Our guest blogger today is Beverly Adam. Beverly writes Regency historical romances for Lachesis Publishing. And her books always have a good dose of humour. Her Gentlemen of Honor series follows three wonderful heroes and heroines in Ireland. Book 1 is The Spinster and The Earl, Book 2 (newly released) is The Lady and The Captain. Book 3 The Widow and The Rogue will be out soon.
Here’s Beverly . . .
When I was a little girl I used to go up into my grandmother’s attic and look at old dress patterns, picturing the fabric and embellishments used to make the garments as if they were already sewn, imagining the tea gown with the handkerchief hemline being worn with a wide brimmed hat. The lady, wearing the peach colored tea gown, for that’s what I’ve decided the color of the fabric of the gown should be, is greeted by friends when stepping down from the wide porch of a clapboard New England house. A garden party is taking place on the lawn below and guests are drinking homemade lemonade and playing croquet. A young man with slicked back hair, wearing a Gatsby type linen suit with a straw bowler sees her for the first time from his canary yellow roadster. He exits the car with a slight limp, an old injury causing him to grimace in pain from the first World War, and greets her, dialogue ensues, facial gestures and intonation are added and an intimate joke shared.
Not much has changed since my early childhood adventures up in grandma’s attic. I am still inspired by objects, pictures, and events of the past. When I set my imagination into motion I fill in what I think my five senses would see and feel when writing. Upon looking at a picture of a Regency wedding gown online I imagine the soft silk and lace of the garment, feel the ribbons running smoothly through my fingers, the threads used to stitch it together, the chatter of the women finishing the gown, everything becomes a tactile moment, inspiring me. The body may be tightened by laces in the back, the inset stays digging into the flesh, remembering similar moments in my own life when my body was constrained or released.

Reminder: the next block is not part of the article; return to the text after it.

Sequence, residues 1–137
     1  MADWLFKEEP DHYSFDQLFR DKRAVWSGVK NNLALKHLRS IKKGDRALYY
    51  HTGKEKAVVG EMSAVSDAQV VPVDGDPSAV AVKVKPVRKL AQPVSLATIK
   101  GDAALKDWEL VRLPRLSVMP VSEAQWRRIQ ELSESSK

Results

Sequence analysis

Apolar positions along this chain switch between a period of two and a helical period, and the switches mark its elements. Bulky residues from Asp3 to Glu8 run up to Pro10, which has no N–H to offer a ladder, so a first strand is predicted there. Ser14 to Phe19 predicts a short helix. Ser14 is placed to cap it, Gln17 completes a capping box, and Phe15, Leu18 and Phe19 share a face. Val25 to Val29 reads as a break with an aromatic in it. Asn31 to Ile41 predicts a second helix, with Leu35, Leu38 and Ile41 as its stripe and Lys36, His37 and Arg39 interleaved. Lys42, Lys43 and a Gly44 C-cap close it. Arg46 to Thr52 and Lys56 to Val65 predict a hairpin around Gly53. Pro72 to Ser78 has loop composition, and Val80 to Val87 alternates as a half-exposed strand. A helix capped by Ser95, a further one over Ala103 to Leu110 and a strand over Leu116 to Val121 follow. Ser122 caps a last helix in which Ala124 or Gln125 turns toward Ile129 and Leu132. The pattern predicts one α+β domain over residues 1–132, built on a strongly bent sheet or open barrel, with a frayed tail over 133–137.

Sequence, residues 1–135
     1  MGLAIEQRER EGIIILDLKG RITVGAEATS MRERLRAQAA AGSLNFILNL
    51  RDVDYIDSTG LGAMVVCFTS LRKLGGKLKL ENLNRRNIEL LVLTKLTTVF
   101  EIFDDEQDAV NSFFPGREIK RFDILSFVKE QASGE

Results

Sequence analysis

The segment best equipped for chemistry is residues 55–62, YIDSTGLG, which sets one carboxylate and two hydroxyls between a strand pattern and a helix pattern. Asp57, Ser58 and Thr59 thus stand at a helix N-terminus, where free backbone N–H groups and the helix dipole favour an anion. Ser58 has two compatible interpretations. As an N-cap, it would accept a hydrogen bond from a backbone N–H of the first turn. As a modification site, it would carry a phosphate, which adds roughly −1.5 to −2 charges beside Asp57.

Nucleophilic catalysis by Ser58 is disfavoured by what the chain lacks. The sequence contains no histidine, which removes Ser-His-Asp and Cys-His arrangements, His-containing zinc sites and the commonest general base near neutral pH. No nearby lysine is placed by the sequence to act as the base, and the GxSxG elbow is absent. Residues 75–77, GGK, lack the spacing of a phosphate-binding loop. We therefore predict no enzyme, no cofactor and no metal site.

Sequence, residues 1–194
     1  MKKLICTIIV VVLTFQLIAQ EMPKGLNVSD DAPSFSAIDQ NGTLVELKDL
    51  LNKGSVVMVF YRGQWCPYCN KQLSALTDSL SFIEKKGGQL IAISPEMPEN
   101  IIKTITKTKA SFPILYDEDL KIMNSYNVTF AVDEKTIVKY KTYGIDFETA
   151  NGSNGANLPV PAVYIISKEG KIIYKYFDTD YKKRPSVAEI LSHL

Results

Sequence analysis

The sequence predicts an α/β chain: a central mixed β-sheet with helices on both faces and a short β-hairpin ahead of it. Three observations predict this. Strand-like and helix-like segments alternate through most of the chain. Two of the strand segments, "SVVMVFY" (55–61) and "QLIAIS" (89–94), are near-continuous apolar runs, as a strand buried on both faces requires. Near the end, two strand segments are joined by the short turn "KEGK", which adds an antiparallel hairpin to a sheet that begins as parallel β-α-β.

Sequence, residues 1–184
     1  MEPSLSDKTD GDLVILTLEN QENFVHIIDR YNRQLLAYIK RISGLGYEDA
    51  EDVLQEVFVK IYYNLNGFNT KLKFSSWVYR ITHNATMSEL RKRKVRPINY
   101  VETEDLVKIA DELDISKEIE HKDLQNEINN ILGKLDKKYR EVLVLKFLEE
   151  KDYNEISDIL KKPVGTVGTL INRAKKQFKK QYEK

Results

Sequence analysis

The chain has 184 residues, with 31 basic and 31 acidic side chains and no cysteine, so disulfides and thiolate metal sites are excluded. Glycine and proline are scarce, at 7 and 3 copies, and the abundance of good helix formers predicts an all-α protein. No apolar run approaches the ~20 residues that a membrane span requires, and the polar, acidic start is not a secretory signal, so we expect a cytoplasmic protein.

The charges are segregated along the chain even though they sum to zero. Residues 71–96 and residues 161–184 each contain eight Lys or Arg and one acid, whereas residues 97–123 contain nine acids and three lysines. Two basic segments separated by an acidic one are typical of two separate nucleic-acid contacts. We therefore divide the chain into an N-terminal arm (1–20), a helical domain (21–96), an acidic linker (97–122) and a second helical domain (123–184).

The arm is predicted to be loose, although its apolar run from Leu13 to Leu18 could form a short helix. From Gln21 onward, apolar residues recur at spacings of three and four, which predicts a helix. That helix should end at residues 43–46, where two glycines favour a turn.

My imagination is stirred by remembered emotions. It doesn’t take a lot of thinking for me to include the movements of the body as the wearer of the garment feels a stitch in her side from too much dancing, I had done that myself, or imagine the conversations taking place as someone deeply murmurs, “You look more beautiful than I could have possibly imagined . . . ” as the heroine takes off the delicate fabric, which tears a little later when the hero eagerly tries to undress her. The story unfolds into a love scene where feeling and emotions take over, a romantic moment is played out onboard a ship deck, the ballroom or bedroom, written out as if I, the writer, were watching a movie in my mind, except more intimately, as if I were living the emotions myself, and putting it into the story to share with the reader. Yes, inspiration for my writing comes from all types of experiences, some lived and some daydreamed, into a tale I play out in my thoughts and share with my readers, which I hope they will enjoy.